SAN JOSE, Calif.—It has been a long, dry summer for technology bloggers—even those based far from California.
Since Apple’s release of the iPhone on June 29, there has been precious little gadget news worth googling. Into the breach stepped Google itself, with its own hot story: not the iPhone but the “gPhone.”
According to bloggers with some credibility, Google is developing mobile software around a Linux-based OS that could be unveiled in some form after Labor Day.
“From what we’ve heard Google isn’t necessarily working on hardware of its own, but is definitely working ... to put the Gphone OS on upcoming devices,” Engadget wrote Tuesday.
Google issued a statement saying it would not comment on rumors. However, in May, Chief Executive Eric Schmidt told a group of reporters having lunch at the company’s headquarters that Google was indeed developing all kinds of mobile phone software.
“We are working to make the mobile stack more powerful through a lot of initiatives,” Schmidt said. “We have a lot of software that is getting added to phones and platforms.”
Kevin Burden, senior manager for mobile devices at Telephia, a research firm, said a Google-branded phone could be a winner if consumers believed it was the best way to surf the Internet.
“They should get a lot of attention,” he said.
So far Google has had mixed success integrating its software into existing phones. Outside the United States, Google search technology was adopted by Vodafone, China Mobile, NTT DoCoMo and KDDI in Japan, Bharti Airtel in India and T-Mobile in Europe.
Inside the United States, Google’s search is incorporated into exactly one phone—Motorola’s Moto Razr2—though users can still access Google by going to a mobile Web page or downloading applications that include search, maps, email and YouTube.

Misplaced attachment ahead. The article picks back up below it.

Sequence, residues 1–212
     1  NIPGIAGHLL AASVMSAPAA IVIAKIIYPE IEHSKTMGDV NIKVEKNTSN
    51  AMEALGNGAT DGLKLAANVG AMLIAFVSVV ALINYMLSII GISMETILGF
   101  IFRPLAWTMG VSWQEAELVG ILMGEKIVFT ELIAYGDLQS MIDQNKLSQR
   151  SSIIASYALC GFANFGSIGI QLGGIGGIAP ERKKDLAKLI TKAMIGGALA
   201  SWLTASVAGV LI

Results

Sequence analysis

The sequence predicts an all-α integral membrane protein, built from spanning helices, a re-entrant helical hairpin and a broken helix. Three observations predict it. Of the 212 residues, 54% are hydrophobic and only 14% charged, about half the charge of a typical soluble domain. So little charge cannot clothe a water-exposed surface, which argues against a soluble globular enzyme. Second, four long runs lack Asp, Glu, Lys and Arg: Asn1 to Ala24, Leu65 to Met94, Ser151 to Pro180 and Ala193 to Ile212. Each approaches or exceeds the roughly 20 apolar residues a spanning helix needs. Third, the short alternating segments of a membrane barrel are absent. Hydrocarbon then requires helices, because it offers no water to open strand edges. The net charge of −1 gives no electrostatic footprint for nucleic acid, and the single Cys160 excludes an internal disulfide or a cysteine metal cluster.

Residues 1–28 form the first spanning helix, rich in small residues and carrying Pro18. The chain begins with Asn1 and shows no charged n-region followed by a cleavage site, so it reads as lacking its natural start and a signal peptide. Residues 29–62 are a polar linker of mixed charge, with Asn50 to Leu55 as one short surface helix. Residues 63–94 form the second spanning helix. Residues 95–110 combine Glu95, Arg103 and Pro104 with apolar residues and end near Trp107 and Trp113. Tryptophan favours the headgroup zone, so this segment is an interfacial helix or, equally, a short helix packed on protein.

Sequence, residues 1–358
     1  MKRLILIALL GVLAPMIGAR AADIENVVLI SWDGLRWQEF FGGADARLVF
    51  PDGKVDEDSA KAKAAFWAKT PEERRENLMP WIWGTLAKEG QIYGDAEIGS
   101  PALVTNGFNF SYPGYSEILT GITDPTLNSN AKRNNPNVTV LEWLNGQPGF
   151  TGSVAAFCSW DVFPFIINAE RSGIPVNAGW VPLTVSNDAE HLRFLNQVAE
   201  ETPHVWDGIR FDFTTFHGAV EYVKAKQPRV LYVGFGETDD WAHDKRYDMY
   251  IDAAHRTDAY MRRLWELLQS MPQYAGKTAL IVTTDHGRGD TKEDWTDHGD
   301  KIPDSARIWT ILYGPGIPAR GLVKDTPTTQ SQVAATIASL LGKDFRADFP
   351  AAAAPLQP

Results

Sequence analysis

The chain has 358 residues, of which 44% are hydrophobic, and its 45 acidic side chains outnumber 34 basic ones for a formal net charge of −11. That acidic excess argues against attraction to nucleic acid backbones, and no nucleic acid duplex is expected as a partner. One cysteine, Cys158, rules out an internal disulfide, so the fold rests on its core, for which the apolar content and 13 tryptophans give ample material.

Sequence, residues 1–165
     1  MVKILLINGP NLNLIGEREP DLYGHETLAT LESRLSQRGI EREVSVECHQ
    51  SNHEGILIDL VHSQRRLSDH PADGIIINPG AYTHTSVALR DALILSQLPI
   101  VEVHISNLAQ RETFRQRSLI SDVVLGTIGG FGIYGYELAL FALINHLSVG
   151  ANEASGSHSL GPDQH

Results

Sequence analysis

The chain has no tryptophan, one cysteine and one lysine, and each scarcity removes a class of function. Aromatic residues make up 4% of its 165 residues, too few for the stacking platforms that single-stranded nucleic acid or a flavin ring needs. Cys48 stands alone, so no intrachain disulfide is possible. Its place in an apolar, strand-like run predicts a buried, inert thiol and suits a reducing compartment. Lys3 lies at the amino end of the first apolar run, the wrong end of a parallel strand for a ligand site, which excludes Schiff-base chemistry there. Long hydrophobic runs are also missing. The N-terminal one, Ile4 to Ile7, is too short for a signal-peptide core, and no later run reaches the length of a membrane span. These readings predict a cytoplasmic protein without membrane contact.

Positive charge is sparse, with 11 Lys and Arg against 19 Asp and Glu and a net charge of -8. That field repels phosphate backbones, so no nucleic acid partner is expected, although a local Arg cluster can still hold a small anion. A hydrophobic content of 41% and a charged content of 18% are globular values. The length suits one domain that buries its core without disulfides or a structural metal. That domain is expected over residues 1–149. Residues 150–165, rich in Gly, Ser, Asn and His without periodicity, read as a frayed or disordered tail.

Burden said Google needs to win over U.S. carriers in order to secure a deal with a manufacturer.
Earlier this month, the Wall Street Journal reported that Google had shown a prototype of a phone with its mobile software to AT&T, T-Mobile USA, a unit of Deutsche Telekom, and Verizon Wireless, a joint venture of Verizon Communications and Vodafone Group. Still, no deal appears to have been struck.
Verizon Wireless Chief Executive Lowell McAdam told the Wall Street Journal his company would not integrate Google’s search software because Google wanted “a disproportionate share” of search-based advertising revenue.
“What this really boils down to is a battle for the mobile ad dollar,” McAdam said. He did not comment specifically on any Google phones, the newspaper said.
U.S. carriers, in general, are wary of Google. After investing billions in wireless networks, they fear Google will find a way to siphon off revenues they feel are rightfully theirs.
The carriers have also criticized Google for its actions during debate over the rules for an auction of newly available wireless spectrum. They say Google tried to force its way onto their networks for free.
Schmidt has since indicated that Google will probably participate in the auction, with the possibility it would operate a wireless service itself.
Scott Cleland, president of Precursor, said he was struggling to find the logic behind the gPhone rumor.
“Getting into the phone handset business or the wireless network business would radically change Google’s business model,” he said. “These forays into communications are cost sinkholes that will inevitably drag down Google’s margin. They will be spending like a drunken sailor.”